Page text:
Crete, the largest island of Greece, the birthplace of Minos and Kazantzakis, birthplace of the Minoan civilization, primitive and blessed place, steady in customs and traditions. Customs with their roots so deep in time as the roots of ancient olive trees which visitors can see in various parts of the island. Olive trees that continue to contribute to society with the same consistency the most important element of the Cretan diet, olive oil. Harvesting the fruit is one of the strongest traditions of the place and of course an important factor of development of the economy of the island, from the Minoan era until today.


The valley

The seemingly never-ending ascend through a winding road away from the hustle and bustle of Heraklion, the capital of Crete, reaches its peak in the village of Aghia Varvara and from then on its all downhill; then you are startled: stretching literally as far as the eye can see, there’s Messara valley, a 45 sq mile plain covering most of the south-west of Heraklion prefecture, a carpet of a hundred shades of green, of olive groves and vineyards mixing together, growing side by side as they have been doing for the last 20 centuries… Then, there’s the blue sea, embracing the island, eternally chiseling its fine curves.

A sea of fertility

This huge stretch of plentiful land used to be part of the Aegean Sea, sea water that made its way into a Jurassic flatland, surrounded by a natural wall of mountains to the South and North, creating a natural haven. Then, only 34 centuries ago, the water gradually started to withdraw, strong earthquakes lifting the tectonic plate to form what is today the fertile valley of Messara, the garden of Crete.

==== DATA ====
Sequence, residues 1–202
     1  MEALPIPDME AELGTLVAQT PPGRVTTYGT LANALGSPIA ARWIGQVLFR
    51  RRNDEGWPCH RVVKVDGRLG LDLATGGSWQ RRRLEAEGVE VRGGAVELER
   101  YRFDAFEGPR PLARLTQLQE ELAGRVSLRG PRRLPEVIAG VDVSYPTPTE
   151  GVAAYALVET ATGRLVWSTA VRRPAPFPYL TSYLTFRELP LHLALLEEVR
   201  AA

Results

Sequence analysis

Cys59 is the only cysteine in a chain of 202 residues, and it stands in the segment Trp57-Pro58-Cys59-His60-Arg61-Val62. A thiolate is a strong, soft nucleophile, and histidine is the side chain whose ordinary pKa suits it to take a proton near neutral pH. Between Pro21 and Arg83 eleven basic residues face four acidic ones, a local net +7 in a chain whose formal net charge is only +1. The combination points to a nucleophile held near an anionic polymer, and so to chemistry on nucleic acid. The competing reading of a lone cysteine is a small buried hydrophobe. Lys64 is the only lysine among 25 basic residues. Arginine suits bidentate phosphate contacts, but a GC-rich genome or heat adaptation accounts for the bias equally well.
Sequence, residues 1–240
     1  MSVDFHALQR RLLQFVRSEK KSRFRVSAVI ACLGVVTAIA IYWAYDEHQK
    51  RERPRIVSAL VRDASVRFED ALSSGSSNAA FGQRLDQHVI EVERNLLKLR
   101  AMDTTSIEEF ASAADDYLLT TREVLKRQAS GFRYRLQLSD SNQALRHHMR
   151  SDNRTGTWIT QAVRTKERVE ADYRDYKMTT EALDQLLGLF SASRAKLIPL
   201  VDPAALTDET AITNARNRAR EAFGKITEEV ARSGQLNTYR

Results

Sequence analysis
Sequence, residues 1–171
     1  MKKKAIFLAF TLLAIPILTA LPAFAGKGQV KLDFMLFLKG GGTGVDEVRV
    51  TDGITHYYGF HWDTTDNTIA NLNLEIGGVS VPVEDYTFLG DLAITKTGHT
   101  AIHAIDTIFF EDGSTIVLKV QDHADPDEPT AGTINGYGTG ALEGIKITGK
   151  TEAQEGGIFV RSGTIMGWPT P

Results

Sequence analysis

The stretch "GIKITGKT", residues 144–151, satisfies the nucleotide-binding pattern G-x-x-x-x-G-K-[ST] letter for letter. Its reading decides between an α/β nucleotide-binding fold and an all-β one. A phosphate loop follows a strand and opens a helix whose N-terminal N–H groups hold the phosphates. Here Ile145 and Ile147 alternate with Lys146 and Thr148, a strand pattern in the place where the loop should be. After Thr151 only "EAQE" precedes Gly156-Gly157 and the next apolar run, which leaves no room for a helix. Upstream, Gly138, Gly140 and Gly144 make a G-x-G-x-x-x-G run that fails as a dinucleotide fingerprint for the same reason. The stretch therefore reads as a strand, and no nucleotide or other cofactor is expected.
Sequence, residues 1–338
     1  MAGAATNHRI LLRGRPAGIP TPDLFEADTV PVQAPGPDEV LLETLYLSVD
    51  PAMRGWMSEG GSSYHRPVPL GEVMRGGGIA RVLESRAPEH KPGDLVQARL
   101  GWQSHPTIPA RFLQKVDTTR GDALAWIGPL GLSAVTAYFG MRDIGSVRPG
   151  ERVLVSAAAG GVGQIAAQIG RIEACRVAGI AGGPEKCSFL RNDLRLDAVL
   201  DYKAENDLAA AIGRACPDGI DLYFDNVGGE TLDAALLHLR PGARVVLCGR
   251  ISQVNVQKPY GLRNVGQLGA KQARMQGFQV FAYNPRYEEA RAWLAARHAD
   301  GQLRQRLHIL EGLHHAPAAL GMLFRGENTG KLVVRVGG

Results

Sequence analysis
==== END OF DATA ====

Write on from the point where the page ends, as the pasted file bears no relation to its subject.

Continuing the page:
Neolithic man walked this plain, learned every inch of it, held its warm argyle soil in his handful, built shrines and small settlements, hunted the local fauna and eventually entered the farming period, inventing farming methods still used to this day, nurturing the sacred olive tree and vine, his inseparable companions in a good life: well nourished and firm on his feet, the Neolithic man will form what is widely known as “Minoan”, the Neolithic Cretan civilization of a hundred cities that will introduce Europe to her future.


The good host

Messara valley has played a continual part in Crete’s history: her peoples and conquering claimants–and there were several of the latter- disciplined her with simple tools: the ox and the plough. In return, Messara, eagerly rendered a cornucopia of foods for the dinner table: golden wheat and barley, olives and olive oil, wild fruit and seed, a diversity of foods that would put together the basis of one of the most wholesome and nutritious diets in the world.


  • 70200 Vori, Messara, Greece
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